Bradford Council is kick-starting its key climate action pledge to plant the equivalent of a tree for every primary school child in National Tree Planting Week.
As part of the extra £1m investment in climate action measures announced in January 2020, the Council has invested £250,000 to plant a tree for every primary school child in its list of sustainable goals. This means approximately 55,000 trees being planted across the district over the next two years.
The Tree for Every Child programme is being officially launched in National Tree Planting Week from 28 November to 6 December 2020. Bradford Council Leader Cllr Susan Hinchcliffe will give it a mention when Bradford features on BBC1’s Countryfile programme on Sunday 29 November.
Presenter Anita Rani, who is originally from Bradford, along with the production team visited the Canterbury Estate in Little Horton last month to look at the work being done by Bradford Council and Better Place Bradford to involve the local community in tree planting and improving the environment.
The production team spent a day on the Canterbury Estate in Little Horton to look at the partnership work between Better Place Bradford, Bradford Council and Groundwork to engage residents in tree planting and creating greener spaces. The Festival of Trees initiative involved the Better Place Bradford team offering free trees and shrubs to residents to plant in their gardens. During October half term, a total of 146 small trees were planted in people’s gardens, 37 large trees in Horton Park Primary School field and Horton Park and four large trees outside the ARC community centre.
Sunday night’s programme will include an interview with Glyn Levis of Trees for Cities, a charity which works to connect urban populations with nature, cultivate lasting change and deliver the multiple benefits of urban trees for today’s and future generations.
Schools and community groups were invited to register an interest in taking part in the project last month and so far over 40 have responded. They were given a range of options as to how they could get involved including helping to plant in two new dedicated woods in the district; starting a school orchard; being given a bundle of native trees to plant in the school grounds or receiving some trees to take away to plant in the garden.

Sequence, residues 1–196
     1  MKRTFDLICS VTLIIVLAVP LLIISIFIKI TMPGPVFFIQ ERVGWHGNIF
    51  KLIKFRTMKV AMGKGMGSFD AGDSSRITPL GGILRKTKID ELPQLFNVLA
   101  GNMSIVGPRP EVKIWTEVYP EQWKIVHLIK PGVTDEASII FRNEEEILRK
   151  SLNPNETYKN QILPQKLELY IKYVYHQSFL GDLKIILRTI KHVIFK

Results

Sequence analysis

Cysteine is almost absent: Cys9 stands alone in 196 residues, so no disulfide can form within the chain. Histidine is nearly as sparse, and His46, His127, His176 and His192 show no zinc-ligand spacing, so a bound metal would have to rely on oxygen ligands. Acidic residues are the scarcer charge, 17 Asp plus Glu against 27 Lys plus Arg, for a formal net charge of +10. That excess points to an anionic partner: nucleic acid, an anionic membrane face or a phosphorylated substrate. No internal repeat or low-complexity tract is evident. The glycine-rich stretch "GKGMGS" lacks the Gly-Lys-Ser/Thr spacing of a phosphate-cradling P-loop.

A number of organisations will support the project. They include Trees for Cities, Forest of Bradford (Bradford Environmental Action Trust), Woodhouse Community Growers, town and parish councils and other community groups.
A programme of other tree planting events across the district has been set up for the week.
Planting trees is a major factor in tackling climate change a single tree can absorb 22kg of carbon dioxide per year and 100 square metres of woodland can store nearly four tonnes.
Cllr Sarah Ferriby, Portfolio Holder for Healthy People and Places, said: “Trees have multiple benefits to our environment whether it’s the scientific facts about their storage of carbon or their enhancement of our surroundings. So National Tree Planting Week gives us a chance to celebrate this and to increase their numbers in our district. We are grateful to all the local community organisations who so enthusiastically get involved in planting trees in their areas.”
David Elliott Chief Executive of Trees for Cities said: “At Trees for Cities, we believe that everything that we do today should be delivered through a generational lens. This fantastic initiative in National Tree Week to plant 55,000 trees over the next three years – one tree for every child – will act as a beacon to enable and inspire a new generation of individuals and communities to plant, protect and promote urban trees in Bradford.
“We know that deep and lasting change can only be made if tomorrow’s generation is involved and inspired to take action today. We would like to thank the players of the People’s Postcode Lottery for funding this programme that will bring communities together and create vital green spaces for future generations to enjoy.”
Cllr Susan Hinchcliffe, Leader of Bradford Council, said: “We were delighted that the programme chose to film in Bradford. It gave us a fantastic opportunity to share some of the work going on in our district to bring greener, cleaner environments to our communities. A great deal is being done to reduce carbon emissions and encourage people to do their bit for a more sustainable future. But tree planting is something everyone can see and understand, and it provides multiple benefits.”
Gill Thornton, Programme Manager Better Start Bradford said: “We are thrilled that the programme were there to film our project Better Place Bradford planting 187 trees in the community, and to highlight the role that they are playing in a combined effort to improve the quality of outdoor spaces in our area of Bradford.
“The tree planting took place in Little Horton and as part of the Festival of Trees and the Council’s ‘Tree for Every Child’ campaign. These campaigns are such a wonderful way to get people involved in the important role that trees play in our communities, helping to improve air quality and to house nature.”
Funding for a tree for every child comes from The Dulverton Trust, The Prince of Wales’s Charitable Fund and The Arbor Day Foundation. As well as The players of the Postcode Lottery.
Tree planting and A Tree for Every Child are one of a number of measures Bradford Council is taking to tackle climate changes and reduce carbon emissions to net zero by 2038.